This old train bridge,
smelling of creosote,
says Please Do Not Climb,
but instead my urge
is to lie down in the river,
to let water cold as glaciers
from the white mountains
fill me everywhere
with the clarity
of melted sky.

On the trail, an anomaly
of shredded grass,
a tuft of fur.
What raucous
happened here?

I look for eagles in the tallest tree
and instead I see a robin,
the most regular of birds,
perched on the pinnacle of a branch
where sometimes the eagles are.
Well, I can see those in my own backyard,
and still I am moved
by this morning,
by the thin pane of ice
that barely exists atop the shaded wetlands
stinking of living sulphur.

The cattails are frozen
like rodents roasting on spits,
it’s easy to laugh
at one’s own thoughts,
equal parts frost and sunshine
on a morning in early spring,

I know that water under the bridge
is already a thing,
and also, I would be hard pressed
to say it any better,
standing here on this bridge as I am,
with time passing swiftly underneath
and water, the color of smoke,

and perhaps it is silly
that we say a thing at all,
becoming so focused on the river
that we forget about
the mountain.

Night River

River swollen with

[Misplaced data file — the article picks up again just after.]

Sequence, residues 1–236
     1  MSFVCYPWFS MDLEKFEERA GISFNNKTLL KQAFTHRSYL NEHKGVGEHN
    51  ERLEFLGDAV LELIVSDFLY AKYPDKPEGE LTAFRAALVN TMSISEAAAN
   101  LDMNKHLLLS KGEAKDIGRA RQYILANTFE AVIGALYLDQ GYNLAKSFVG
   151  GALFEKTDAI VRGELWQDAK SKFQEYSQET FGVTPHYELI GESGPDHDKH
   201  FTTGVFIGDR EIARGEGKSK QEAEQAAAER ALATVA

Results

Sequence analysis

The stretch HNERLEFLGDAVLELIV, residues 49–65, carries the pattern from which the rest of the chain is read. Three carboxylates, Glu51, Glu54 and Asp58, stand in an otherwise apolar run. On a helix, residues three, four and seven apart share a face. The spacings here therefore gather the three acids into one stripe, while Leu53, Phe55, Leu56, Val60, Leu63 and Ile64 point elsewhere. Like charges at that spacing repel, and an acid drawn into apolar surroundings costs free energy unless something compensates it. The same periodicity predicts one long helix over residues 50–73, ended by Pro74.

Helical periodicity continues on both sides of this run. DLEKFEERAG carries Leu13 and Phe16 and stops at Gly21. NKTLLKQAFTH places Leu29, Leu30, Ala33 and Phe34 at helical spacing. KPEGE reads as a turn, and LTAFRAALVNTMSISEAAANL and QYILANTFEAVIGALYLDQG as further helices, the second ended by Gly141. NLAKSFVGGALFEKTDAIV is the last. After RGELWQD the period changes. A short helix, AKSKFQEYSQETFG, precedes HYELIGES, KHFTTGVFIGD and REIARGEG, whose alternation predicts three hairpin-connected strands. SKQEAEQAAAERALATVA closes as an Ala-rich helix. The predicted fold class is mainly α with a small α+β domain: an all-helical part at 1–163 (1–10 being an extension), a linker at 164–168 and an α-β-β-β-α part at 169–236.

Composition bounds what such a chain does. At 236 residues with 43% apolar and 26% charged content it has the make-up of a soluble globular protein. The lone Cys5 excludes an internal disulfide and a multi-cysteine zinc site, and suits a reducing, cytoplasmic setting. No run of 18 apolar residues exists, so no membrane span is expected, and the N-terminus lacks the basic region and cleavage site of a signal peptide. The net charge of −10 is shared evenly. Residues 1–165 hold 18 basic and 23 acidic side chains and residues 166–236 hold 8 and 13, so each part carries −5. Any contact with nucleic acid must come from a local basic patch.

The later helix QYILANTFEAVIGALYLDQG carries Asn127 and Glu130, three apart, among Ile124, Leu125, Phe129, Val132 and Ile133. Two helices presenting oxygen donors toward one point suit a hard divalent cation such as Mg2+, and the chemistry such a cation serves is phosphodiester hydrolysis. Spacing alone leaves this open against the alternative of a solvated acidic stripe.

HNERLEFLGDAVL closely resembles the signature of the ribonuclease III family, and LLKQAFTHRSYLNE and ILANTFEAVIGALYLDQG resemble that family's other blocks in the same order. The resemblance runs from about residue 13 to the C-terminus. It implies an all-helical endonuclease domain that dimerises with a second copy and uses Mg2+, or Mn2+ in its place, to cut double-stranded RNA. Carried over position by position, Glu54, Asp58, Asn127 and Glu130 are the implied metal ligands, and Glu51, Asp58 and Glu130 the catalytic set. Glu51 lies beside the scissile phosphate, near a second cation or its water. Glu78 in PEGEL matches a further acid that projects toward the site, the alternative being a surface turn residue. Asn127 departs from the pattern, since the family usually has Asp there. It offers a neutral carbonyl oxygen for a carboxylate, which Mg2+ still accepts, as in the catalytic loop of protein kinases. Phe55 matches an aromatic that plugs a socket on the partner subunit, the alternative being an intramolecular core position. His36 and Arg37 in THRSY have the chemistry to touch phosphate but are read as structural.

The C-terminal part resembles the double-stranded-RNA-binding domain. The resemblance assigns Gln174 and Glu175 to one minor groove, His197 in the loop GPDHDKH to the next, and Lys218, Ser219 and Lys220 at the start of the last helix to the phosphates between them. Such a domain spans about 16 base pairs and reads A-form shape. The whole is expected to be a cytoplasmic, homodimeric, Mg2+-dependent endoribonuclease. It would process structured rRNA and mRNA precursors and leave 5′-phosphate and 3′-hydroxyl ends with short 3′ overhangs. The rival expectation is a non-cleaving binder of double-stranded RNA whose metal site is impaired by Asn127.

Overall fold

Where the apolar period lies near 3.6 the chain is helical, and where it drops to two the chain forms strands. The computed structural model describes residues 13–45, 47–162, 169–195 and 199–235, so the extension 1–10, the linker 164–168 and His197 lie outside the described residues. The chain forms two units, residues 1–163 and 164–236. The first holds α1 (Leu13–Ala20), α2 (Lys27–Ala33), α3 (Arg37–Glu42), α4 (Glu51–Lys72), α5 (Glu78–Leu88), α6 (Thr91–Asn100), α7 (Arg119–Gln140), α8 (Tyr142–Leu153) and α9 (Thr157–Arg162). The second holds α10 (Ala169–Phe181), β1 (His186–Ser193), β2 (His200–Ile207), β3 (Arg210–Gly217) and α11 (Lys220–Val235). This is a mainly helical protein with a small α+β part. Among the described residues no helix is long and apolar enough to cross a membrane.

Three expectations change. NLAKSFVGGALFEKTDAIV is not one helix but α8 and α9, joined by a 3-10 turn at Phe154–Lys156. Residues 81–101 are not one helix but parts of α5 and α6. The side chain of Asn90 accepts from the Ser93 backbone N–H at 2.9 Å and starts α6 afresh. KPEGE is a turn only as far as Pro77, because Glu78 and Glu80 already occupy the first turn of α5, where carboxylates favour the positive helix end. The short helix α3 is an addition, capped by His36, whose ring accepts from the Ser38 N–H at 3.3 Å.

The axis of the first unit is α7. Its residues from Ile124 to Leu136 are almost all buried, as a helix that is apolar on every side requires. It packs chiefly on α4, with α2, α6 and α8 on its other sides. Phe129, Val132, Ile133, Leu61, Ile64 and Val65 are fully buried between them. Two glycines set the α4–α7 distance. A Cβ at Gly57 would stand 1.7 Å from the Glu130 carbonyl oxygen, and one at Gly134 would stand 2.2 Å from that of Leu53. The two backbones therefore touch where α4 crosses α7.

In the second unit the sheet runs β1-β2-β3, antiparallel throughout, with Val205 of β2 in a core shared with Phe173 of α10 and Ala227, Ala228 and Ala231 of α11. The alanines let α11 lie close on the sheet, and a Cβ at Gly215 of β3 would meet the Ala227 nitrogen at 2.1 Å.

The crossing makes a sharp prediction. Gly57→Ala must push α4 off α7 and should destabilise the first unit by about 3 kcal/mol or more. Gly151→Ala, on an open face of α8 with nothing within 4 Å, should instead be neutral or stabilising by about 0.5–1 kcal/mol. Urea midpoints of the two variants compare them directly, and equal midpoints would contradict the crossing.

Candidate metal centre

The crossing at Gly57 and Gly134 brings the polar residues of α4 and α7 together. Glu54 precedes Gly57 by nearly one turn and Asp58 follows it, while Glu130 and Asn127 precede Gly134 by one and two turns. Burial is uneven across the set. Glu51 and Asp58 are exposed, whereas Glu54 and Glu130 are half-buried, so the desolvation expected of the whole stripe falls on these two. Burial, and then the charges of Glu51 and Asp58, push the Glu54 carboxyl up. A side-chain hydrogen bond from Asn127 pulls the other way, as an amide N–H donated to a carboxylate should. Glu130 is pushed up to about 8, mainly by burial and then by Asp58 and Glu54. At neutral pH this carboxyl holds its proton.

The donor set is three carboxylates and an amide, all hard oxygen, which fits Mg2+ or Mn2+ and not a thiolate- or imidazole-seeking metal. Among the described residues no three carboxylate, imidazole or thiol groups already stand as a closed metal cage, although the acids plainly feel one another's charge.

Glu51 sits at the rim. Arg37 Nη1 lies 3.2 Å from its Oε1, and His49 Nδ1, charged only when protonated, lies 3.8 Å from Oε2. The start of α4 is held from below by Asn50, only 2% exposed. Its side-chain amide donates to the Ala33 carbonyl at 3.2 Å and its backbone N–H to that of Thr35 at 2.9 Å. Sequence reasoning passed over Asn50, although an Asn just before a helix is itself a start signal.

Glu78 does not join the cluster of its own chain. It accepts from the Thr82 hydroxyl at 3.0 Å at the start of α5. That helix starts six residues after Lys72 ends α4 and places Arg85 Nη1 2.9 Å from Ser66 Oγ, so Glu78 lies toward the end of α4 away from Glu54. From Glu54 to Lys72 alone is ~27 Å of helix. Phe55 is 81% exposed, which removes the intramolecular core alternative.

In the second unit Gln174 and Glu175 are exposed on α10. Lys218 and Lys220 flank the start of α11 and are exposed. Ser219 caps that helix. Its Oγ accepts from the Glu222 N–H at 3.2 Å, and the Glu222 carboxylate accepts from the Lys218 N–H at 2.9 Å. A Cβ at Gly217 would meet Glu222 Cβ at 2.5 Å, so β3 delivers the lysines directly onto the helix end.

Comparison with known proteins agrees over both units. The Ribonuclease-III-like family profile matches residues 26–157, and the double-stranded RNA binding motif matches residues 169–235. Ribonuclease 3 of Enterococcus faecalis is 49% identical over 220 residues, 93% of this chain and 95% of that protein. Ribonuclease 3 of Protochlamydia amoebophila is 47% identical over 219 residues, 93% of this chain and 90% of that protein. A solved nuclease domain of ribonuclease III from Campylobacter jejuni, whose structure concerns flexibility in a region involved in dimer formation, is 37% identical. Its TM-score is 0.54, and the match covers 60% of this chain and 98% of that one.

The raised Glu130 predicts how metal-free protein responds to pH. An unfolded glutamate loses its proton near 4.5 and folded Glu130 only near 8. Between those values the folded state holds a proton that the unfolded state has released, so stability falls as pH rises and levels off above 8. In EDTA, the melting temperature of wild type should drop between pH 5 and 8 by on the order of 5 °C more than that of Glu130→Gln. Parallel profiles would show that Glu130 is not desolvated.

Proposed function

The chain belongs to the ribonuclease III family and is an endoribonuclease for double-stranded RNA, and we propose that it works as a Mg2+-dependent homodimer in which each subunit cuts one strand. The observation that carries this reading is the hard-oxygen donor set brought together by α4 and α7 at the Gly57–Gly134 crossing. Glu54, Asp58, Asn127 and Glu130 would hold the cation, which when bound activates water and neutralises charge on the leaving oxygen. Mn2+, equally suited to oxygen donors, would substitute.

the June side of spring
runs bulge to bank

even as I sleep,
broken brambles swept
sideways into white

water wearing
brown borrowed earth,
liquid siege

like swift time
toward a downstream
dream as the night rain

comes down
from a lightning sky, drop
by drop by deluge

to the sea, past
the rocks now smooth
with the rush of it,

no more resistance
to the flood of it
as everything softens

like stone and like
golden sunrise on the gift
of another morning.

And So It Begins Again

The sun – at last, the sun.

Moving our bodies,
and the morning light streams in.

Everything is new
again – me and the green grass,
succulent with life.

A band plays
on the first long night of summer
and inside my chest, also
there is music.

In the hot spring, we
find an answer for every
a question for every

I’m not sure what it
is about rivers – perhaps
it’s the sound,
it is that
there is nothing
to hold on to.

Swing Me

You swing me,
swing me open
like a door you might be
fixin to walk through,
your pressed white sleeves
all loose
and fresh and smelling
of clean laundry
and guitar strumming
from a Sunday afternoon.

You swing me
like that big old branch
still dangling
from the cottonwood.
Just barely hanging on,
but dancing for certain,
along the thirsty water tips,
as we see it from the rock
that the river
placed for kissin.

You swing me
like this sunshine music
scorching down on
all the happy dancers
in their summer honey dresses
and their pearl snap button-downs,
scorching like that long look
you give me on the dusty
walk home just before
the sweet, wet rain.


Even the
pebbles cast
black shadows
long, like
zebra stripes
across the
dusty trail.
And long,
your shadow
too, speechless
and stretching
up the
hillside ripe
with yellow
cactus bloom.
All evening,
you are
quiet with
your questions,
stopping only
to replace
the silver
grass between
your teeth,
or to
sit and
watch the
last speckled
patch of
sunlight fading
on the
river, rippled
water moving
in and
out, and
in again.